At Newcastle, at the end of the first half we were the better team and had just scored. So, once more, the conditions were right for a manager to build on the confidence, invincibility, competition, fight, passion, all the clichés you can think of, to go out and win the game. The second half performance was awful, and we lost.

Alex’s previous managerial appointments are, to me and most other true fans, completely irrelevant. What is relevant is that on the basis of the evidence we have witnessed this season, he is simply not good enough. The atmosphere in the ground, as I’m sure you have noticed, is flat, the passion is gone and he seems incapable of generating it. For certain the players bear some responsibility for performance on the pitch. No one would deny that. But, when the chips are down, and things are not going well, and you can’t spend £20m to get yourself out of trouble, that is when a top quality manager really earns his money. Sadly we don’t have one at the moment.

You know the fixture list as well as all of us and no doubt see the importance of the next 4 games. The decision about the future of this club is, quite rightly, in your collective hands although you will I’m sure be alarmed by the >10% drop in attendances, which is an indication of how we, as supporters feel, and has a significant financial impact on the clubs resources.

I trust you will take these heartfelt views as a sincere expression of concern about something which is dear to my heart. For the first time in over 20 years I don’t look forward to going to a match. I miss the passion, the commitment, the excitement and the thrills. It’s flat, negative and lifeless, and our club deserves and is capable of more.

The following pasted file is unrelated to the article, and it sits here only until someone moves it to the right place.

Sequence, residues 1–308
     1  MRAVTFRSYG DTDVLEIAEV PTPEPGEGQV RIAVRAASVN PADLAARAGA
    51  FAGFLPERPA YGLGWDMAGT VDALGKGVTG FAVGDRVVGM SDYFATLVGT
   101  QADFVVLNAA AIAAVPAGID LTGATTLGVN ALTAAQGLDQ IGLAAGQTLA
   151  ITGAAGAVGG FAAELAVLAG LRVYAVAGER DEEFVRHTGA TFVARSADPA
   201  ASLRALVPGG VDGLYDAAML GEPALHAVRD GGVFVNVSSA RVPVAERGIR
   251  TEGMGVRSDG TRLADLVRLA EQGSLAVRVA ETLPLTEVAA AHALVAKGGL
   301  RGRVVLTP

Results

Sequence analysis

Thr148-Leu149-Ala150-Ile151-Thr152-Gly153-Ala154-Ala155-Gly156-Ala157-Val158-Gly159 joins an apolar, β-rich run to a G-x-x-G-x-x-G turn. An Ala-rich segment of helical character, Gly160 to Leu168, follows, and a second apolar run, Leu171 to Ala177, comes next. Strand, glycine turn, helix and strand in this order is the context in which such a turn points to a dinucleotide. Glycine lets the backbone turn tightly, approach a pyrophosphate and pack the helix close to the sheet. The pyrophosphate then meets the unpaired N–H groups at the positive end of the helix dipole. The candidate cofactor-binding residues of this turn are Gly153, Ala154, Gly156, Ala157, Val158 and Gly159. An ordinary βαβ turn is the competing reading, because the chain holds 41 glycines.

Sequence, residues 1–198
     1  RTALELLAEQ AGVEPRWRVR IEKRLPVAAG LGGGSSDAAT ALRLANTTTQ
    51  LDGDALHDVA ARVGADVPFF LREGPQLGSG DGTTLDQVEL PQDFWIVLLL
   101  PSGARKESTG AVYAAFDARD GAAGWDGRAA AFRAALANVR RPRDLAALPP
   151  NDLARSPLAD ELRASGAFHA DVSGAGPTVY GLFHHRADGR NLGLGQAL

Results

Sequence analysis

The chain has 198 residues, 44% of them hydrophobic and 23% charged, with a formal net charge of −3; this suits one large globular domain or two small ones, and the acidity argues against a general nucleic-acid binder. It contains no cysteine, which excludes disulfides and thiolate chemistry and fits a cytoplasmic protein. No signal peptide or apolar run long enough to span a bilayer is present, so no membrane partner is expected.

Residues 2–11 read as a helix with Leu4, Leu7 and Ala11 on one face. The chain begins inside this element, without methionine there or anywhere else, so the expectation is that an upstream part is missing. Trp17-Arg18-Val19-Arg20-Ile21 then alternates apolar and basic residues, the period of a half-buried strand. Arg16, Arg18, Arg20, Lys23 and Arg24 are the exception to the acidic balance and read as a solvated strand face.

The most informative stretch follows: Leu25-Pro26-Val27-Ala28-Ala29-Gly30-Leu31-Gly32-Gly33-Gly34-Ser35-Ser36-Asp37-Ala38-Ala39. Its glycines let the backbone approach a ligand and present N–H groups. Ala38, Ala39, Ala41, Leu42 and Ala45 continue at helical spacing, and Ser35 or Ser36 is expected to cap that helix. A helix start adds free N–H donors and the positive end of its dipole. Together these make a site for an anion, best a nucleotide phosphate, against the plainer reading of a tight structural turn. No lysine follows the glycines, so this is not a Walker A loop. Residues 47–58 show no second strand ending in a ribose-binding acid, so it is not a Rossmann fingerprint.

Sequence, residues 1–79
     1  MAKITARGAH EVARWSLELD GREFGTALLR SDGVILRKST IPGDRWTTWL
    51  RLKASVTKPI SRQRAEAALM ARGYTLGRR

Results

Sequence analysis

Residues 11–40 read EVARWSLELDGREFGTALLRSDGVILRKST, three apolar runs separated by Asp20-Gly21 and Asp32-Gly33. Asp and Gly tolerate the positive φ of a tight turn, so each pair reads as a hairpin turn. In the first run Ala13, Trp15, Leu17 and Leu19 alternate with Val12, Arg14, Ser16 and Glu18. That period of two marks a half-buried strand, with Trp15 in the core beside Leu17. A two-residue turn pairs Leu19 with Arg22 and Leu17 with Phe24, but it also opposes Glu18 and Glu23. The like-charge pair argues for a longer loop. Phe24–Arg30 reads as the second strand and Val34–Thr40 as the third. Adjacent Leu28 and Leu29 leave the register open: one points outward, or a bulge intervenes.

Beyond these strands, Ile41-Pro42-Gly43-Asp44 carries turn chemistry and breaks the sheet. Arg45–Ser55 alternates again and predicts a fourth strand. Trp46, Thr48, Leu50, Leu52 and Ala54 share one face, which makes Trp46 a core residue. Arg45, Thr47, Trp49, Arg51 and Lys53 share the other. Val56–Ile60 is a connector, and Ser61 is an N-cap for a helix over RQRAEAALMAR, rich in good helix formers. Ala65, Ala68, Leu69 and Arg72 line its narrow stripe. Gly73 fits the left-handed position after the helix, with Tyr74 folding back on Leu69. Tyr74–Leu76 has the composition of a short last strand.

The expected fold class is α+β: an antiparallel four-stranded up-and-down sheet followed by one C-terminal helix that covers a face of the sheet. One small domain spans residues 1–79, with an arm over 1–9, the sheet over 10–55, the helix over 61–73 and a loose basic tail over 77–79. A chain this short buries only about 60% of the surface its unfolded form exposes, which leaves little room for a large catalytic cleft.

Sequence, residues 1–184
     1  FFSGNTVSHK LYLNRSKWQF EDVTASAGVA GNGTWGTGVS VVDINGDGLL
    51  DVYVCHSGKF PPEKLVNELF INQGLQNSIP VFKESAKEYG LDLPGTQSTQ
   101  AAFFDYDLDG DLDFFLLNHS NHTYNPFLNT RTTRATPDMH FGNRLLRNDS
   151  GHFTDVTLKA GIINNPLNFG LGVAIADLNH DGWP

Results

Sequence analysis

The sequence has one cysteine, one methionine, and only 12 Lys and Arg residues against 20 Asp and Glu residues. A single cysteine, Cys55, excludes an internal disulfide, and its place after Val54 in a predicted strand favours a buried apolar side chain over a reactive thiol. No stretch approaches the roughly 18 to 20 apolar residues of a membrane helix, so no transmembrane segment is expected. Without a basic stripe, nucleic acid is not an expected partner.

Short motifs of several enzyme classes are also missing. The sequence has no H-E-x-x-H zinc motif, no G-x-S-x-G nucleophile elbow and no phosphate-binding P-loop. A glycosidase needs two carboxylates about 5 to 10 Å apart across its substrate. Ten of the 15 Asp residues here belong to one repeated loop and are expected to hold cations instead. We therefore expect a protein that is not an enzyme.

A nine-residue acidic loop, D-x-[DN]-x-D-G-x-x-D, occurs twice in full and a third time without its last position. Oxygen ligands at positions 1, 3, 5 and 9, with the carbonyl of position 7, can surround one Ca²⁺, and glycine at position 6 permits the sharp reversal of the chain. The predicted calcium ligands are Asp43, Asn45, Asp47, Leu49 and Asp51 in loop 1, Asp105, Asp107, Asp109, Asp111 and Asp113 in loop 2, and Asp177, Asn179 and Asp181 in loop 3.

Yours sincerely

The Response

When I asked Ian about what kind of response he received from the club, after he took time to sit down and hand write his letter and then send it in the post to the club he told me that the club didn’t write back, instead he received a phone call from a certain Nicola Keye.

He stated that Nicola was understanding, sympathetic, and seam to really understand the game, the club and the reaction. Ian went on to say that it could have been good PR but he was willing to give her the benefit of the doubt.

Nicola assured Ian that the board would discuss his letter and the next board meeting and she then gave him her direct phone number if he had any further problems at the club.

Press Relations

I also personally wrote an email to both Paul Faulkner and Nikki Keye yesterday outlining my worries not only about the manager and the football on offer at the moment, but the rising season tickets and how the club is currently being managed.

Within 5 minutes of pressing the send button I also had non other than Miss Keye on the phone, answering some (not all) of my questions and assuring me about certain things going on at the club. At the time I couldn’t help but give this lady credit as she personally remembered me from a previous encounter both me and a friend had with her in the past which she helped me with.

She is an absolute credit to the football club and they should be proud of her. Again having listening to a few people who have spoke with her I can’t help but think it is nothing more than a PR stunt but as I have already stated I have a lot of respect for this women and something she said to me, which I wont share because I may of taken it the wrong way, but it gave me so hope for the future of the club so I will just sit back and see what happens.